With Election Day less than two months away, the campaigns of state Democrats and Republicans are in full swing with TV commercial spots, promotional tours – and renewed attention to hot-button issues that are likely to draw voter support. In the last two weeks, the Republican-led state House passed five bills encouraging the development of umbilical cord and adult stem cell banks, while House Democrats pushed a series of bills that would give interest-free loans to students who plan to work high-tech jobs in Michigan upon graduation. To all appearances, however, both sets of bills have little chance of passing through the state Senate. This is an election year, after all, and state legislators seem more concerned with winning through empty posturing than focusing on real policy issues.

Sarah Royce

House Democrats – especially Rep. Gary McDowell (D-Rudyard), the main supporter of the interest-free loan proposal – deny that it is only a last-minute tactic to win votes. Due to the influx of last-minute bills flooding the Legislature, however, it appears that this series of bills is only thoughtless maneuvering by worried state legislators. They also reveal an unhappy truth of election season – that candidates are more interested in winning than actually in carrying through with beneficial public policy.

If the measures, as predicted, don’t pass the state Senate, they can be reintroduced next year. They can’t, however, be automatically carried over to the next session, making it seem more likely that the legislature will drop the issues after the election. It is unfortunate that these student loan bills are not getting the attention and real support in the Legislature they deserve. Giving financial assistance to students who intend to stay in Michigan after college will only help the state’s economy by retaining a more educated workforce.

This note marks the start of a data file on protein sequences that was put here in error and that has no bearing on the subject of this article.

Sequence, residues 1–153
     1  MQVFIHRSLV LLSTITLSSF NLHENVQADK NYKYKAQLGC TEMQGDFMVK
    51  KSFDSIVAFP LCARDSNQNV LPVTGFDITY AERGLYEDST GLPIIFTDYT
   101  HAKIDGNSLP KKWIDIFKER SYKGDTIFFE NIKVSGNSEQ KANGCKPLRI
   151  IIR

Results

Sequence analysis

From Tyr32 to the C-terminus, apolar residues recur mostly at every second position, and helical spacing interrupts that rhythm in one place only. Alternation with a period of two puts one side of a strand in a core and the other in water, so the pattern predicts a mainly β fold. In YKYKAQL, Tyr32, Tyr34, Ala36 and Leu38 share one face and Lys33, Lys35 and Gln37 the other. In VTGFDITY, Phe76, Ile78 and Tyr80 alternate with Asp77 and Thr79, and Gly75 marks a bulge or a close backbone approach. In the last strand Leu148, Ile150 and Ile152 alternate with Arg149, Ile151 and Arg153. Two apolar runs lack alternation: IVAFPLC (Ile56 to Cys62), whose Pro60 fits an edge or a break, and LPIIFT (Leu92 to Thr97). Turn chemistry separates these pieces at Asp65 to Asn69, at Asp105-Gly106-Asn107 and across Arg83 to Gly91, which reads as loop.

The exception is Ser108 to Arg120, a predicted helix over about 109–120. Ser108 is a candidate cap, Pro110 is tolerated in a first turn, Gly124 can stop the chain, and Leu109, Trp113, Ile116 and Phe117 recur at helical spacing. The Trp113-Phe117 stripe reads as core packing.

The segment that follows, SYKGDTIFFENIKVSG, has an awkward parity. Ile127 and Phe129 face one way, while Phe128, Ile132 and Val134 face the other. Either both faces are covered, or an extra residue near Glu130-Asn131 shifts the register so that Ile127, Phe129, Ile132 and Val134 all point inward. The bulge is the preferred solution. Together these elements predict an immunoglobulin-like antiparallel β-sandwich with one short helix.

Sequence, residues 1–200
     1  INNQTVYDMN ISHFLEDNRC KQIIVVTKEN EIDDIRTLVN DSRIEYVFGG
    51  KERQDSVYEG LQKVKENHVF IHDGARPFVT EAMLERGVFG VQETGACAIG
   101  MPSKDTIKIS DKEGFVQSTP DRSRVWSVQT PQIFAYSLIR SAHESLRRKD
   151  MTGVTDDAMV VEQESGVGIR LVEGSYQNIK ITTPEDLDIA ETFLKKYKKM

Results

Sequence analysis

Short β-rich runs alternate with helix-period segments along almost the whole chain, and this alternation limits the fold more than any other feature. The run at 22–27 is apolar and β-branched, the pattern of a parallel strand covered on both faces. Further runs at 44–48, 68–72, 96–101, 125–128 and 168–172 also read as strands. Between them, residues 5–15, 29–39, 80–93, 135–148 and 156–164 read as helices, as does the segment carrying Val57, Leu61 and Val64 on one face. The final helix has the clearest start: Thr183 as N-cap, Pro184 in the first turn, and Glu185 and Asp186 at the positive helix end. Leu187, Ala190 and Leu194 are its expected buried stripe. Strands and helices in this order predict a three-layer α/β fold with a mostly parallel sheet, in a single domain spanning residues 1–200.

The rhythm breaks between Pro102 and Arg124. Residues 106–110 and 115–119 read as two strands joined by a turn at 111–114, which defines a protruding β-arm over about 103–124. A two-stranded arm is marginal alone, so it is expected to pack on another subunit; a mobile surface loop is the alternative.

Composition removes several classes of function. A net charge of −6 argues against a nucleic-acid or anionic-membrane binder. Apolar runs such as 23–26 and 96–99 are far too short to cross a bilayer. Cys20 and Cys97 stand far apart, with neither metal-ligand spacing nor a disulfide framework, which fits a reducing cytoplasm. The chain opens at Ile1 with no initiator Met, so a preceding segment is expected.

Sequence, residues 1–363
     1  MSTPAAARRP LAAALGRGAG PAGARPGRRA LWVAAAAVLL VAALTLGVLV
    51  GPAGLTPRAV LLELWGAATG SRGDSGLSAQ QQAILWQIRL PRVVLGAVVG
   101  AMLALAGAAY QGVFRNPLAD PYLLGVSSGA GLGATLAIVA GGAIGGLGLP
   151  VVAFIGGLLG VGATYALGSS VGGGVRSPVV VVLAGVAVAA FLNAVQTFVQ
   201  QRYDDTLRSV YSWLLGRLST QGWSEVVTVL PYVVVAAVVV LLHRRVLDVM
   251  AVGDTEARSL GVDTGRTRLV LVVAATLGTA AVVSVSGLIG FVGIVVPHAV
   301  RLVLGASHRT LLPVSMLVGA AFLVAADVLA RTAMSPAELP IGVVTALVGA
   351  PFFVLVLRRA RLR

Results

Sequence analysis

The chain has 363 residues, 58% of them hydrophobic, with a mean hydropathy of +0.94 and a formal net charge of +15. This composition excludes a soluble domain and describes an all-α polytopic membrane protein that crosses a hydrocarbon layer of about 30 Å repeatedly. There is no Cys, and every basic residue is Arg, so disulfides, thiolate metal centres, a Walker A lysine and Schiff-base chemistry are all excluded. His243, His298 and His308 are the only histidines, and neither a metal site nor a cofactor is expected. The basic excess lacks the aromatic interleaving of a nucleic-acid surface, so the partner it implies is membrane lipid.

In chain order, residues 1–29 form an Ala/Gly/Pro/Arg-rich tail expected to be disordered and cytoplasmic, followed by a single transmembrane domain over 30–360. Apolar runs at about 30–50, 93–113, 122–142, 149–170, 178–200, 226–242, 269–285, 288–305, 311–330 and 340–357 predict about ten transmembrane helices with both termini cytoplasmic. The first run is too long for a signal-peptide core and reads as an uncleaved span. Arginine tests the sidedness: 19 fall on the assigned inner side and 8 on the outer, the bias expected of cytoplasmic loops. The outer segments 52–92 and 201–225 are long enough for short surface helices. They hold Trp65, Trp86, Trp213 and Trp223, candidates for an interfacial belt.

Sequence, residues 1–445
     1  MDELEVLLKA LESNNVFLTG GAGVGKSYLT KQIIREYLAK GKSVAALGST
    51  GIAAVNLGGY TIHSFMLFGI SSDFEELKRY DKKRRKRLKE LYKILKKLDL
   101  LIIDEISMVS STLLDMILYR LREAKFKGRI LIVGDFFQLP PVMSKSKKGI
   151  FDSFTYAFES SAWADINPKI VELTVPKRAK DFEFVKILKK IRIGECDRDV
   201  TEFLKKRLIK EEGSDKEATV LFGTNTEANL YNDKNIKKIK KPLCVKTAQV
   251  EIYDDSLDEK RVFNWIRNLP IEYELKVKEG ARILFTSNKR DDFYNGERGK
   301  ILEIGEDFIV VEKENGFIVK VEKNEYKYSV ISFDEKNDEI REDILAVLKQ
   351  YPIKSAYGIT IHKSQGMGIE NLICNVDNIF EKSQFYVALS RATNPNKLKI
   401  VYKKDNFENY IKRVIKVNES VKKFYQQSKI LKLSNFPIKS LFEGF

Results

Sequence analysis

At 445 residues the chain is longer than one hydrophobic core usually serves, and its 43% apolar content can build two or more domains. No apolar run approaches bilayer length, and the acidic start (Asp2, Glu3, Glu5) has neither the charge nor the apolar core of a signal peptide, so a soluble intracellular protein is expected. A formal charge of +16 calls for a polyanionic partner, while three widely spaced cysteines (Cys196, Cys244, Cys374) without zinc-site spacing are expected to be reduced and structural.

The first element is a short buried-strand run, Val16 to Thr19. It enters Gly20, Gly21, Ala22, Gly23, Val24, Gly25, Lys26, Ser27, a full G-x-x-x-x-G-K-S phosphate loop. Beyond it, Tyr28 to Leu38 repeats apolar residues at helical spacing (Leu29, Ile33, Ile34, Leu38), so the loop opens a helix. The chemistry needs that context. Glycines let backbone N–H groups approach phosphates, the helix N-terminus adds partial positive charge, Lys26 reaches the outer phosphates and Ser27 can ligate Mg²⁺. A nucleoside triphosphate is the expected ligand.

Similarly, the Republican-backed stem-cell bills appear to be motivated more by political than medical concerns. Republican support for the new bills, which would encourage research on umbilical cord and adult stem cells, appears to be a primarily a cynical move to mitigate political risk. Republicans both nationally and locally have been taking heat for their party’s opposition to embryonic stem-cell research. Rather than genuinely supporting the creation of stem cell banks to create more jobs and encourage research on the topic within the state, it seems more likely that state Republicans are hoping to snow over their constituents, confusing voters into thinking that the Republican-led Legislature supports stem-cell research without angering pro-life activists deeply opposed to research using embryonic stem cells.

A recently created non-profit group, Michigan Citizens for Stem Cell Research and Cures, aims to educate Michigan residents about the research benefits and economic payoffs of embryonic stem-cell research in the state. While grassroots organizations like this one will certainly aid Michigan by raising public awareness about stem-cell research, such efforts may bear little fruit until the state has legislators who are less concerned with their re-election campaigns and more focused on the future of the state.

Michigan’s auto industry is floundering, its manufacturing jobs are being outsourced and its college graduates are fleeing. The state needs to take advantage of any opportunity it can find to increase the education of its workforce and attract jobs. Under any other circumstances, it would be merely disappointing that its legislators have their put re-election campaigns before the well being of the state’s residents. But with Michigan’s unemployment rate tied for the highest in the country, it is simply shameful.

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